And the second was worse. If a group of secondary school students had scripted the coming out scene (earnest son, Chan, to unyielding father, Lim Kay Tong) that appeared late in the play, I might have commended them for their open-mindedness and social conscience. But since it was scripted by Haresh Sharma, who really should know better, criticism is more in order. The dialogue in this scene was the kind of clunky, personal-is-political dogma that companies like TNS were doing to much better effect over a decade ago. No doubt the reason for the scene's inclusion was that OH MAN!'s target audience is heartlanders ripe for a liberal education. But the coming out scene said nothing more insightful to its audience than the New Paper has in several "Gays Are All Right, Really" articles since PM Goh made his pink proclamation. And anyway, the audience on the night I attended was more ang moh than ah beng.

This troubles me. Perhaps I am wrong, but TNS's output seems to have diverged lately down two increasingly different tracks. The community/fundraiser track has led us from the good-natured humour of 'Close - In My Face' to the populist drivel of 'Mardi Gras' to the cheap laughs and banal polemic of OH MAN!; and the "serious" track has led us from the smart but impenetrable anarchy of 'BOTE' to the incomprehensible, unrevelatory pretension of 'Revelations'.

It was not always thus. Contrast the coming out scene from OH MAN! with the "Gays Can Change" scene from 'Abuse Suxxx!!!' back in 2001. While the former was cringeworthy, didactic and derivative, the latter was cutting-edge, clever and open. And 'Abuse Suxxx!!!' as a whole pretty much proved the point that a two-track approach may be unnecessary as it was both critically well-received and also attracted large audiences.

Because here's the thing: no doubt director Sean Tobin knows better, but I question whether a "community audience" actually exists in Singapore unless you go and perform at the void decks or in the schools. Certainly, every time I go to see a community theatre piece at a fixed venue, I see a disproportionate number of cosmopolitans and westerners. An audience for good theatre does seem to exist, however, and while I think community or educational outreach is an excellent thing, I'm not sure whether it is suited to full-scale, stationary productions.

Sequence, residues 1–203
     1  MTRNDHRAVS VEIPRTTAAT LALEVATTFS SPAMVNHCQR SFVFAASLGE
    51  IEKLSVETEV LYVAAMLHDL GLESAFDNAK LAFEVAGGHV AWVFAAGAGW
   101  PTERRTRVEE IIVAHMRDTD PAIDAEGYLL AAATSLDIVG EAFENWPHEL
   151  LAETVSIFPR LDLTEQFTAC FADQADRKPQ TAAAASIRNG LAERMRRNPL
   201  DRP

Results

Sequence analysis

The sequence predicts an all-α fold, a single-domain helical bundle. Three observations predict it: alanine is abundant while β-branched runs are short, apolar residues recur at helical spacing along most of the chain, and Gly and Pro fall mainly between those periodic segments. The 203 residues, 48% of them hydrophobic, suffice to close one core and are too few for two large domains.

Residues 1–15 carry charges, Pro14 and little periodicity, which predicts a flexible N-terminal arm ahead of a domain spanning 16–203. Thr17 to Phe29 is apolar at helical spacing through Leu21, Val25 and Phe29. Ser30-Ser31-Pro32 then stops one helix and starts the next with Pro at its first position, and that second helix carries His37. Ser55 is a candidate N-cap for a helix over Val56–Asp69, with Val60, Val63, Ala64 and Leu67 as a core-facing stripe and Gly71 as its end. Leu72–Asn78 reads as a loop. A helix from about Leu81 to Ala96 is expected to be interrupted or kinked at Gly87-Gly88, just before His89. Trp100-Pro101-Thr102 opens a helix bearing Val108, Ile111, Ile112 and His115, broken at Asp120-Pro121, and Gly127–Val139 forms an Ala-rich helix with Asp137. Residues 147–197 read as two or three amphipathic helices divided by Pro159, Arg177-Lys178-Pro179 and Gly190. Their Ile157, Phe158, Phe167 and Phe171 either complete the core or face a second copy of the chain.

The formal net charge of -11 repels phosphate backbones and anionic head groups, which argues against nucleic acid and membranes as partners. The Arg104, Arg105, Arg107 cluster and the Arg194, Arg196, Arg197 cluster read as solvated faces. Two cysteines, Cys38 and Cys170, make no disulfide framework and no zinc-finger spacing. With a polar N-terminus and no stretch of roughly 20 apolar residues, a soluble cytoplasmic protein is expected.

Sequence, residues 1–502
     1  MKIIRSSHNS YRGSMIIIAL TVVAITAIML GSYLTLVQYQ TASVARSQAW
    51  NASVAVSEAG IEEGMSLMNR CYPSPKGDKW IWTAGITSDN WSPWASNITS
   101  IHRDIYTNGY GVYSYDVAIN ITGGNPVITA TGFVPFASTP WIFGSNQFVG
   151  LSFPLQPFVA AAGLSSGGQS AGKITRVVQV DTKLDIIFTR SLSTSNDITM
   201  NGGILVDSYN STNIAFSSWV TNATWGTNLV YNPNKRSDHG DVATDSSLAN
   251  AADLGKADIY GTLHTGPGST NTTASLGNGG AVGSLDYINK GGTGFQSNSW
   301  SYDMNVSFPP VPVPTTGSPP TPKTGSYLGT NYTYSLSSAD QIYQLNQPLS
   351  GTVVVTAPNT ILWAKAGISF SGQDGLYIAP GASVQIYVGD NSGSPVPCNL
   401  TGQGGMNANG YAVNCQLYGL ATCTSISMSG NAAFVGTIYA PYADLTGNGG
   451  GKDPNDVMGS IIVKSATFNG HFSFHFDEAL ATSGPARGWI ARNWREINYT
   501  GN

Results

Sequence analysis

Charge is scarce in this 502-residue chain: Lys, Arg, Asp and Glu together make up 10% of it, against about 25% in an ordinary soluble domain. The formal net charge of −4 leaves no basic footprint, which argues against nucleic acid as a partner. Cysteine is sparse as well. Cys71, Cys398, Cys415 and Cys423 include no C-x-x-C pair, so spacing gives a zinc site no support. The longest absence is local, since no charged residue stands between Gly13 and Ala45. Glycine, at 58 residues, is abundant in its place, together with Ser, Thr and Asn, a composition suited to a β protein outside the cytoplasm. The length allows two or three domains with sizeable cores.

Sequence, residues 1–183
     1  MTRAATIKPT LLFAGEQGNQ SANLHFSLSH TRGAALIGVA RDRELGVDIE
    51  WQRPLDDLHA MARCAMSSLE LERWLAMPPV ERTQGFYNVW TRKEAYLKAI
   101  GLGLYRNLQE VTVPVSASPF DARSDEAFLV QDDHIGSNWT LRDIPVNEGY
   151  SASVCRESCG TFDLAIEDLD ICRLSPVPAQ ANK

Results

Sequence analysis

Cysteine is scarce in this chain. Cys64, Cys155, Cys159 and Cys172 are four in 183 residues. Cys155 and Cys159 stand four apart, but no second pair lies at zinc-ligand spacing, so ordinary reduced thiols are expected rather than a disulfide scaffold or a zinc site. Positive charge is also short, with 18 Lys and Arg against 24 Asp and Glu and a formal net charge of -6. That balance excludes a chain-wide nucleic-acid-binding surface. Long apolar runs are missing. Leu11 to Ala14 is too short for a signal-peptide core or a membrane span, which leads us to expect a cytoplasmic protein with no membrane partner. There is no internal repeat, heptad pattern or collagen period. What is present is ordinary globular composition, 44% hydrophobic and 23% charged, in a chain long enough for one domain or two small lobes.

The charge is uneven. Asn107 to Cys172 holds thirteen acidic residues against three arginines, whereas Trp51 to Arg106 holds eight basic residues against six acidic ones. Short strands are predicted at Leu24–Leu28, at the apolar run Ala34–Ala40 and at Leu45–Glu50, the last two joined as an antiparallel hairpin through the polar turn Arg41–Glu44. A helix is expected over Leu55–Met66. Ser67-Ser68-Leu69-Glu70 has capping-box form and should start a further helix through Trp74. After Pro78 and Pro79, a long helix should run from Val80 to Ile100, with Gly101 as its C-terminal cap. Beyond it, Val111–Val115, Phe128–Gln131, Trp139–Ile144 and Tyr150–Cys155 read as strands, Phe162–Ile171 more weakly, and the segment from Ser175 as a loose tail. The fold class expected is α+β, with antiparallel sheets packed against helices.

But I digress for even longer than usual.

Probably the best bit of the evening was Kumar's stand-up section in the middle (his third for TNS by my count). There has been a lot of talk lately about developing world-class acts for global consumption, à la Ong Keng Sen. I don't really see the point in that; it seems to me like building a house and then shipping it off to Japan. Kumar is probably not for global consumption - he's just too local - but he is a world-class act, managing to be very funny, very biting and very warm all at the same time. I'm not quite sure he fitted into the play's structure here (more space was made for his routines in 'Abuse Suxxx' and 'Close - In My Face'), but I wouldn't have parted with him for the world, global or otherwise.

Proving that he can get a laugh out of the lamest of lines, Kumar explained the sparsity of the Chong Tze Chien's set - a giant crane, three TVs and a couple of chairs - by saying that the company had run out of money after paying Kay Tong, but the set was perfectly serviceable despite its frugality. Indeed, the crane was an inspired touch, but it must be said that Tobin didn't use it nearly as much as a giant pneumatic phallus should have been used in a play about men.

Perhaps this was indicative of a larger problem: while OH MAN! could talk the talk and have a laugh, I got the feeling that it was considerably more mouth than trousers, and sometimes when it needed to stand up straight and tall, it got a bit floppy. Oh man.

Note: Matthew acted in TNS's play 'godeatgod' in 2002, so you shouldn't believe a word he says.